Installation of a Hypertech programmer is very user friendly. There are additional functions like DTC code reading and clearing. For the Dodge truck, you get the bonus feature of speedometer correction…We borrowed a DRBIII scan tool from friends at OTC/Miller SPX to calibrate the speedometer. The AAM tone ring being strictly concerned about tire diameter, the calibrator built into the Hypertech tuner serves equally well.

     Note: If there is any difference around speedometer calibration, it would be Hypertech limiting tire diameter choices to 0.25″ diameter increments. The DRBIII scan tool asks strictly for a “revolutions per mile” for the tire, which allows slightly finer setting. This is splitting hairs when considering the $6000 price tag on a DRBIII scan tool—if you can still find a new DRBIII tool! The dealership-grade DRBIII scan tool is rapidly being phased out by software emulators.

     Like the ’96-’99 Jeep® 4.0L kit that we installed in the Cherokee, the 2003-2005 Dodge Ram 5.9L diesel programmer installation is through an OBD-II interface plug. Loading of the program is straightforward. In the HD video, you will see how easy this installation can be. Better yet, the kit stores the OE programming in the programmer; that stock program remains available in the event you need dealership service or OE tuning for a particular service procedure. You can even reload the stock program into the current vehicle and subsequently load the Hypertech program into another vehicle…However, you cannot randomly load the programmer software into more than one vehicle at a time.

     Our installation was just in time for the perfect test: a 1200 mile round trip from the Reno, Nevada area to the 2013 SEMA Show by way of a Southern California extension to the trip. With very few miles on the installation, enough to confirm a correct software choice, we put the “Stage 3” (maximum torque and performance) tuning to the test. The truck left home with luggage, 110 gallons of fuel on board, driver and passenger, tipping the scale around 9500 pounds. (Weight went down some during the trip, the passenger caught a plane home from Southern California, the fuel dropped steadily without the need for a fill-up.)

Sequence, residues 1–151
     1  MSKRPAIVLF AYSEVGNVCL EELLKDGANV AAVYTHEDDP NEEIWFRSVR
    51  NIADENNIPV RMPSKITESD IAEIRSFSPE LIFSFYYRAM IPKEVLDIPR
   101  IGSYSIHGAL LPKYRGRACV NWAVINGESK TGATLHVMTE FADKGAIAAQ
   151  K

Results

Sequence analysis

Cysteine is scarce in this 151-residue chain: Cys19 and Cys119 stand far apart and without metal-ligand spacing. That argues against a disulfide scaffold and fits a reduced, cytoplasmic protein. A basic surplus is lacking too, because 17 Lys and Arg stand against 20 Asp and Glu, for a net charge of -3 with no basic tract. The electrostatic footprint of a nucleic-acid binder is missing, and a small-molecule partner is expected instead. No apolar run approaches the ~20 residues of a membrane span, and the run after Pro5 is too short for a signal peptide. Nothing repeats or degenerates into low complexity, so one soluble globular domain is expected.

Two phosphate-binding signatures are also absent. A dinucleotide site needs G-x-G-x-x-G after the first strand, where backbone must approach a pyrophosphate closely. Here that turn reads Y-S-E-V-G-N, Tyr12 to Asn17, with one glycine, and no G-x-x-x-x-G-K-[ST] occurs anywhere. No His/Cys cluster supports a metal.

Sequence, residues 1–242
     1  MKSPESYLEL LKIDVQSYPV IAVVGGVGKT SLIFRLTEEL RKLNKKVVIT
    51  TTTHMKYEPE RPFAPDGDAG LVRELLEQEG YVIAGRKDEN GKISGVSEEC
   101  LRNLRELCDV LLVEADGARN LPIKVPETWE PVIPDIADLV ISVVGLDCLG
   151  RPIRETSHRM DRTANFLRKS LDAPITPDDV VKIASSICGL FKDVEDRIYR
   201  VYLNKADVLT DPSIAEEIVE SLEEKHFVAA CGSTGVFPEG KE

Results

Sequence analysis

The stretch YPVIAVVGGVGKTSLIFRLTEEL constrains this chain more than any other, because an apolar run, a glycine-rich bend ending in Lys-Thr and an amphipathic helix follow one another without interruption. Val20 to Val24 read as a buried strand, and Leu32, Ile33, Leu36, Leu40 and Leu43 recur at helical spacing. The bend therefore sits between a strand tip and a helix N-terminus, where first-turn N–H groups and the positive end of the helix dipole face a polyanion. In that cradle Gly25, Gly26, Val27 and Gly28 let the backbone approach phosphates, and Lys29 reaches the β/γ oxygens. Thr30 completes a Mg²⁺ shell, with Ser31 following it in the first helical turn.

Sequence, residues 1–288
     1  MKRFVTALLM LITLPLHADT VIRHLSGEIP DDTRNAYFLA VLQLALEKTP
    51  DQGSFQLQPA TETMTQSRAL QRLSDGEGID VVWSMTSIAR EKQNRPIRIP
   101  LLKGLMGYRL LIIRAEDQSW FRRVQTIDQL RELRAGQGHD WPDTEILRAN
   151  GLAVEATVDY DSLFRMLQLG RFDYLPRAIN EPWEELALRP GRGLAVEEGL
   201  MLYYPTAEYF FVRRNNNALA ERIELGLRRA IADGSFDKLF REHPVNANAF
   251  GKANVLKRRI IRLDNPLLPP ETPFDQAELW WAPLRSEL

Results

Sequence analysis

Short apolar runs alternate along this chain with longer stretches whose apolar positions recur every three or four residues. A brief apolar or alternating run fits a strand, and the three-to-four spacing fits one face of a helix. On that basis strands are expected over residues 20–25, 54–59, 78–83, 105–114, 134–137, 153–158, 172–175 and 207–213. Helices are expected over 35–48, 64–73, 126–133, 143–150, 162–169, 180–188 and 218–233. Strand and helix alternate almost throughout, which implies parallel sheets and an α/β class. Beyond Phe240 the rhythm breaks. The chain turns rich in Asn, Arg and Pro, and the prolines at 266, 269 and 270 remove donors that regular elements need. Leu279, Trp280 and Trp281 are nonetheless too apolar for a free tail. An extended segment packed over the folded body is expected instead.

Immediately apparent was the “freer”, less constrained feel to the engine during rollouts from a stop and in the cruise speed zone. There was U.S. Highway 95, Nevada 360, U.S. 6 over Montgomery Pass and U.S. 395 down the Owens Valley/Mojave Desert to play with speeds and fuel efficiency. Again, the aim was to bump speed to 69-plus mph unless posted 65 mph or lower. Could the engine sustain good fuel efficiency at the “new” torque peak rpm of 2100, which meant 69-70 mph in the 48RE automatic’s overdrive gear (0.69:1)?

     The tests were real world. Very few stretches of the trip were without a grade, up or down. For accuracy, when we did have the opportunity to “cruise” with the cruise control set to 69 mph on a flat stretch, the mileage calculation would begin all over. The 6-percent grades on I-15 (Cajon Pass and Barstow to ‘Vegas), Montgomery Pass and all, mileage was gauged realistically and accordingly.

     Note: While discussions with Hypertech hinted about “five mpg” fuel efficiency gains, this was not expected. Our background at heavy-equipment operation with large Cat engines provided ground school for using the least amount of fuel for a given job at a specific load. Our goal was simply to sustain peak mpg but to achieve that fuel efficiency at a higher rpm—specifically 2100 rpm and a speed of 69-70 mph.